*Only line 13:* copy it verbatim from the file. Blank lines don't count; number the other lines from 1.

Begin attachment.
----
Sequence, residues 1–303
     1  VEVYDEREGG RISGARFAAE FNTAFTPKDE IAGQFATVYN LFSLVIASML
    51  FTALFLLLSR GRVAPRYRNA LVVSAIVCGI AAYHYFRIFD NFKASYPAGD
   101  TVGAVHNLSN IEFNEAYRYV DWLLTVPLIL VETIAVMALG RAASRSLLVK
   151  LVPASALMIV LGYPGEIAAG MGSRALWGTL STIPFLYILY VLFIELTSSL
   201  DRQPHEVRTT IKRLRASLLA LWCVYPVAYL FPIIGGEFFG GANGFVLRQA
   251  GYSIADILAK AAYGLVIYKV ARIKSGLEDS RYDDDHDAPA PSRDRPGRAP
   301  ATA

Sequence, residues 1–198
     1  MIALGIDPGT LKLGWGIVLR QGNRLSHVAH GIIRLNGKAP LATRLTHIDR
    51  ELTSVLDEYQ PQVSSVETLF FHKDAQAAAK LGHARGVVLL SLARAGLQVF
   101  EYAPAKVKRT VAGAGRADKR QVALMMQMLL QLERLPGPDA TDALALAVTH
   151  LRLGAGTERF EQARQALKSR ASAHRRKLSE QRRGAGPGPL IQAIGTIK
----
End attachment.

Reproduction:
   151  LRLGAGTERF EQARQALKSR ASAHRRKLSE QRRGAGPGPL IQAIGTIK